Would You Vote for My Australian Economic Policies?

With little happening across markets, I’m going to jump right in and make you choke on your Weet-Bix, offending just about everyone this weekend.

In my article in Wednesday’s Markets and Money, I said: ‘As far as I can see we have a choice on 2 July of the Devil, the Deep Blue Sea or a Donkey vote. I think the ass is smarter than all of them.

This certainly stirred the hornet’s nest. The emails came flooding in.

Reader A:A donkey vote? How is that going to help matters? Future?

My response: Voting for either party is not going to help matters either. All we are being asked to do is vote for the lesser of two evils. Why choose any evil? As for the future…I think both parties are taking us to a place that’s going to result in a whole lot of pain for those who can least afford it.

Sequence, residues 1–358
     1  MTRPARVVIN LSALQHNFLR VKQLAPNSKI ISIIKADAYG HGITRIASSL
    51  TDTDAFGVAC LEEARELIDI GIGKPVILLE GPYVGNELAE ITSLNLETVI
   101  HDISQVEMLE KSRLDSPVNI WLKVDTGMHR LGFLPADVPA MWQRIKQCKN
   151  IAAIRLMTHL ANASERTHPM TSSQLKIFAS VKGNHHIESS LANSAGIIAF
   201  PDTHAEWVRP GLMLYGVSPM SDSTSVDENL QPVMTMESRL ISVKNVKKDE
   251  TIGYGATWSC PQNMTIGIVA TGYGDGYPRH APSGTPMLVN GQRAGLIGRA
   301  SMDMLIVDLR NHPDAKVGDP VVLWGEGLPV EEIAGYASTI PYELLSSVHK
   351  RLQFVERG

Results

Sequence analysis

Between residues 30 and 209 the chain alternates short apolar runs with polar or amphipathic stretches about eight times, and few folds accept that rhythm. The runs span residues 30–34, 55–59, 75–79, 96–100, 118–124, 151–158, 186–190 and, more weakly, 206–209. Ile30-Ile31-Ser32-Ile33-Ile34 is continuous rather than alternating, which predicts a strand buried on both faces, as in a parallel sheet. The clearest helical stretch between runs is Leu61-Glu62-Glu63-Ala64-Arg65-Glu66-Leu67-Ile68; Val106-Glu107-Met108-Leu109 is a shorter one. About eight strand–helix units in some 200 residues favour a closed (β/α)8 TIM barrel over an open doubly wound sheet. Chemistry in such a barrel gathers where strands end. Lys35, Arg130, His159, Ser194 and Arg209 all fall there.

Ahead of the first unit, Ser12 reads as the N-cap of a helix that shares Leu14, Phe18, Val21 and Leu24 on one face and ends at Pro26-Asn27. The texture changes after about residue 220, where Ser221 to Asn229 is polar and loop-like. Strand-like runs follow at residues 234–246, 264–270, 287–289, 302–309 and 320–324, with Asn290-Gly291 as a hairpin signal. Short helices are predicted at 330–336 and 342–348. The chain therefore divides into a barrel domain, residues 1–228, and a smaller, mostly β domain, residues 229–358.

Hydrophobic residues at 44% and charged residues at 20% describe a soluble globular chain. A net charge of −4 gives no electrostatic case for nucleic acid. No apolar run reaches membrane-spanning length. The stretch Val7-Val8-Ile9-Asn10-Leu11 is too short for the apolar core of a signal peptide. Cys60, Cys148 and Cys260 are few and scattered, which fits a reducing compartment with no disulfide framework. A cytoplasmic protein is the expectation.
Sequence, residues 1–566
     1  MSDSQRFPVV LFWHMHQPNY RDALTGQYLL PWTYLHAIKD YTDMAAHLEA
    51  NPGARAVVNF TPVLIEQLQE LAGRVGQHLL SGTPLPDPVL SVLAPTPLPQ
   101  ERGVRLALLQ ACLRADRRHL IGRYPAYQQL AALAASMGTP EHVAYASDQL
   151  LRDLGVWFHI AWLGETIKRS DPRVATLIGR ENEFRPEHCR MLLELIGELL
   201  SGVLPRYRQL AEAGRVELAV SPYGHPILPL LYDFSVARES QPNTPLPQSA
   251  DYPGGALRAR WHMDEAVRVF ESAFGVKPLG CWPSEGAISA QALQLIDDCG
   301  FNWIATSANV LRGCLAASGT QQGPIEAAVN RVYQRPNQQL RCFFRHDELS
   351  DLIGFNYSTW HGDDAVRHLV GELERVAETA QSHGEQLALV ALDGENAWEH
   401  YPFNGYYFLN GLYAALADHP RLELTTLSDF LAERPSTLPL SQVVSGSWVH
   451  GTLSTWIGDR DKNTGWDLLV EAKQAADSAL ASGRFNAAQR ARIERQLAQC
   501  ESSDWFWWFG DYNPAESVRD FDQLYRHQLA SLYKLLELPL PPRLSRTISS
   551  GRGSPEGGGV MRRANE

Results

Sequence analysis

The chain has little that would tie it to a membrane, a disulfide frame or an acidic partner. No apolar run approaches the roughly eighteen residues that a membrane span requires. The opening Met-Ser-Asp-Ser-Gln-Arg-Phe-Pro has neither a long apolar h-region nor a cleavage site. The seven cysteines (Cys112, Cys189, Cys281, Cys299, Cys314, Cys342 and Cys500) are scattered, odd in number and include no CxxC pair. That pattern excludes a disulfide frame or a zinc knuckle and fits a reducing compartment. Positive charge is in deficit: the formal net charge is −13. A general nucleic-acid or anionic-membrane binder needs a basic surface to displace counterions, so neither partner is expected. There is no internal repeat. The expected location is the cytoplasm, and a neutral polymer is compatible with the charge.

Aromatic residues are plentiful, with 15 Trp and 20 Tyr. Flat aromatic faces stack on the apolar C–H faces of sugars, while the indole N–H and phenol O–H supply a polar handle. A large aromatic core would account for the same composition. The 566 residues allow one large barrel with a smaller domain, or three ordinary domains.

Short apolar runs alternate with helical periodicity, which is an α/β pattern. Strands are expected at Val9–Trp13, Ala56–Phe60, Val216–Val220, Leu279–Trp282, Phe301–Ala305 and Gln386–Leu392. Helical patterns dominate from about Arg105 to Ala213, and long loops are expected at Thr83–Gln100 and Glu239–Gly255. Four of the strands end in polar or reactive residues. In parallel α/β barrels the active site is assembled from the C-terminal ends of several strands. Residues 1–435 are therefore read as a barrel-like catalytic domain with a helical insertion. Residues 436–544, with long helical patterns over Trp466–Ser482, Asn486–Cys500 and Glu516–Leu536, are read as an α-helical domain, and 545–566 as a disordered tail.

Reader B:How could you waste your vote like that?

My response: A vote for either party is a waste. They waste our money on buying power, doing inside deals and enjoying the life of Reilly. They waste our time by promising a lot and delivering little. What is the greater waste?

Reader C:An ass makes a donkey vote.

My response: I thought that was quite a witty retort.

Reader D: ‘What would you do if you were running for parliament?

My response: Glad you asked.

As space is at a premium, my manifesto will be limited to a few major points.

First, you have to start with the end in mind.

  • Less government;
  • Less duplication of services;
  • Less welfare dependency;
  • More encouragement to save;
  • Abolition of the Reserve Bank;
  • Make bank directors and executives personally liable for losses;
  • Limit time in political office to a maximum of three terms (nine years).

There’s more I could add, but let me elaborate on these major points.

Less government and less duplication of services: My aim would be to turn Canberra into a ghost town. Logic tells me that there’s a massive overlap and duplication between state and federal government services. Health and education come to mind. Identify where that overlap is…and get rid of it. Bloated bureaucracies are choking us to death.